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Locals spread Christianity in Africa
People on the mission to West Africa late last year included Pastor Godson Frederick and his wife, Valarie, the Rev. Abraham Maji, Dr. Peggy Rayman, Evangelist Patricia O’Nery, Valerie Sutton, Marjory Varnedoe and Dr. Deloris Mitchell. The names do not correspond exactly to the photo of some of the mission participants. - photo by Photo provided.
After being a member of an Africa on Fire Missions missionary team from Liberty County, I wanted to write up an interview with Dr. Peggy Rayman, national director of training and mobilization from Church of the Great Commission in Orlando.

Varnedoe: Who started AOF and why?

Rayman: Africa on Fire Missions, Inc. was founded in June 1998 by my husband, Dr. Joseph Rayman, and myself. It was birthed out of a desire to focus strategically on completing the great commission that Jesus gave 2,000 years ago. In August 2001, the ministry moved from Virginia Beach, Va., to Hinesville. In Hinesville, the ministry began to grow with a number of local churches.

Varnedoe: What was the commission and how do you propose to fulfill this desire?

Rayman: AOF attempts to raise awareness in American churches about the unreached people in the world who have yet to have an understandable presentation of the gospel.

Varnedoe: Is there a reason for focusing on African-American churches?
Rayman: It is a strategic point because many of the unreached peoples live in nations that are far more open to the witness and testimony of African-Americans than they are to Anglo-Americans.

Varnedoe: What is AOF’s vision and mission?
Rayman: AOF’s vision is to see passionate worship rising to our Savior from every people group and in every language. Its mission is to mobilize and empower local churches to train and equip believers to make disciples of all nations, tribes and tongues.

Varnedoe: How successful has AOF Missions been?
Rayman: With the Kingdom Mandate Training tool, my husband and I have trained eight different mission teams and taken them on trips to Kenya, Nigeria and Togo.

Varnedoe: Where did your mission teams come from? And are you working on ministry into other states?

Rayman: Most of the teams have come from the Liberty County area. In 2006, AOF expanded into Florida and Minnesota, so people from these states are also joining the teams. At the end of 2006, the ongoing work of mobilization in Georgia was turned over to Evangelist Patricia O’Nery of Mt. Zion Missionary Baptist Church in Hinesville.

Varnedoe: How do you plan to accomplish this expansion?

Rayman: Let me emphasize that AOF’s strategy from the beginning is to identify, train and equip local leaders and hand over responsibility to them as soon as possible.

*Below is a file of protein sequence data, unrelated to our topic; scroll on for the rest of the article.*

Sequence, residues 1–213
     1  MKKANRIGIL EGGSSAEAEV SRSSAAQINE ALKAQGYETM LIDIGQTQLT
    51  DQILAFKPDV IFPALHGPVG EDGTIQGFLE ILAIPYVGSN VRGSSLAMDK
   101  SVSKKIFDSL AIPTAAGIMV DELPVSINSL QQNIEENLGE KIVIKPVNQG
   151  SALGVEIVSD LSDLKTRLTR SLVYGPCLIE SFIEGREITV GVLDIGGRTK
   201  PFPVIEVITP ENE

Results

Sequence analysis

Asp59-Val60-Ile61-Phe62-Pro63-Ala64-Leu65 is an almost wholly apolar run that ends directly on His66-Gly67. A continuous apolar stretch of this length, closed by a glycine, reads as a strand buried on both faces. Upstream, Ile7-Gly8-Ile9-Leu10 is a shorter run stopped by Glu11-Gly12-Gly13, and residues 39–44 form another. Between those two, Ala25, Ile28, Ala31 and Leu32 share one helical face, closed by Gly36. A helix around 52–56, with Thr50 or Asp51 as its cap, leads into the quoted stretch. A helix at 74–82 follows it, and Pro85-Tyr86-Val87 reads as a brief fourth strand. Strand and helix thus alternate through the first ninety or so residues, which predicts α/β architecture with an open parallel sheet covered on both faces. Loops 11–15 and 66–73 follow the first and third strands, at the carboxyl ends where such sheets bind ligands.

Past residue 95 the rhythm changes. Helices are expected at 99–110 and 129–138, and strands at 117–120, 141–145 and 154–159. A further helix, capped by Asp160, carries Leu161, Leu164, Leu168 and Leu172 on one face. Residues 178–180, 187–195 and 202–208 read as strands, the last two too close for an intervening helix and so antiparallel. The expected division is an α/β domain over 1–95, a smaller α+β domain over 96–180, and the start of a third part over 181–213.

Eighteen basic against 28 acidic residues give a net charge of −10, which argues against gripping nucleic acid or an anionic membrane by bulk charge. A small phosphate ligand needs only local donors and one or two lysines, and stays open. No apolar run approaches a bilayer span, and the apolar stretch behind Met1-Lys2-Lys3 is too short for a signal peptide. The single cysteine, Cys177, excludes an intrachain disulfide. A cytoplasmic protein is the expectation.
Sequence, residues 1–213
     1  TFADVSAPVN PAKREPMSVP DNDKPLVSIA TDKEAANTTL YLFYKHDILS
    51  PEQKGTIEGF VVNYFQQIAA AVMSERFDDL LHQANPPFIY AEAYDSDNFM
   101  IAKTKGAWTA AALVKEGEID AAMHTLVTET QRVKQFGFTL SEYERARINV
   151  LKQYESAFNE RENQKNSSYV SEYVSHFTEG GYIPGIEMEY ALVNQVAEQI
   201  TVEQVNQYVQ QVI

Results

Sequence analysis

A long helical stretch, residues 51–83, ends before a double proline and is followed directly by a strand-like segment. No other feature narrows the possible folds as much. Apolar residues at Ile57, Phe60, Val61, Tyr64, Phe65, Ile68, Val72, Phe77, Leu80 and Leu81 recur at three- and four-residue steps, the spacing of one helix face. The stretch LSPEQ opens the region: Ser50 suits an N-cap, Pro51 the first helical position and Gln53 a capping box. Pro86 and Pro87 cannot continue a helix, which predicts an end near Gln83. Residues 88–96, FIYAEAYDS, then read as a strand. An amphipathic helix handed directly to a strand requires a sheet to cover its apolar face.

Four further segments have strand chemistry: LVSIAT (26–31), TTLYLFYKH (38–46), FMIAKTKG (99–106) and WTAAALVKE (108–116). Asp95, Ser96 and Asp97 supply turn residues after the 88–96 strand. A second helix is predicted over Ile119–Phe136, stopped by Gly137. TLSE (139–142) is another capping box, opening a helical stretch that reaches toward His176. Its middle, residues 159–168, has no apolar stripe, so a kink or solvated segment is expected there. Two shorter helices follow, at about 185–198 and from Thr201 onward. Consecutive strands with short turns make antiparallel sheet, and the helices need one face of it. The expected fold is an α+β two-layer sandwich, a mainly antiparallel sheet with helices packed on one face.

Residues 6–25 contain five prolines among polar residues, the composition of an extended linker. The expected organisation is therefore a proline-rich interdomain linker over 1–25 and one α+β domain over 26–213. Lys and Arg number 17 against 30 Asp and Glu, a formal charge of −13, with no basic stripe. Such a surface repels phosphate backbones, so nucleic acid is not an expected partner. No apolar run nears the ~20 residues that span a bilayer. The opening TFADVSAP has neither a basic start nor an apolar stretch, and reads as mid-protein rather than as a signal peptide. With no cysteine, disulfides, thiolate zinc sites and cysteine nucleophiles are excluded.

Varnedoe: A team from Liberty County led by Patricia O’Nery, executive coordinator of AOF missions, traveled to West Africa in October 2007. What was its purpose?

Rayman: The overall purpose of the trip was threefold:
1. To mobilize African pastors to train and send out their own missionaries into the 10/40 Window, an area of the world where most of the unreached peoples live.
2. To provide training and encouragement to African missionaries already living and working in this area and particularly to visit missionaries who are being supported by AOF mission cell groups.
3. To strength AOF’s partnership with African mission leaders.

Varnedoe: What is a church expected to do after they have received the training?
Rayman: Each church is expected to form a mission cell group or integrate foreign mission into an already existing group. That group then adopts one unreached people’s group and begins supporting an African missionary to that group. As often as possible, the mission group takes a trip overseas to visit their missionary.

Varnedoe: I would like to have you tell about the team members on your last trip, since I was one of them.

Rayman: Our last mission trip was to West Africa which began on Oct. 11 when the team set out for Nigeria. We were hosted by Apostle and Pastor Godson Frederick and his wife, Valarie and Rev. Abraham Maji. The members were myself, Evangelist O’Nery, Valerie Sutton, and Marjory Varnedoe, both of St. Peter’s AME Church in Midway. They traveled through Nigeria, Benin, and Togo and finally arrived in Ghana on Oct. 30. At this time, we were joined by Dr. Deloris Mitchell from Mt. Zion Missionary Baptist Church and Naa Abashie Ankarah, a native Ghanaian who is serving as a chaplain at Bethesda Hospital in St. Paul, Minn. We were hosted by Pioneers Ghana, an indigenous mission ministry. The Ghana portion of the trip was organized by Minister Sherry Thomas, an American missionary who served for many years under Bishop Eddie Long, but is now sent out by the Church of the Great Commission in Orlando. Ministry Thomas is a career missionary with Pioneers Ghana. The team headed home on Nov. 6.

For more information, you can email your questions to or write to Drs. Joseph and Peggy Rayman at Route 2, Box 118E, Ludowici, GA 31316.
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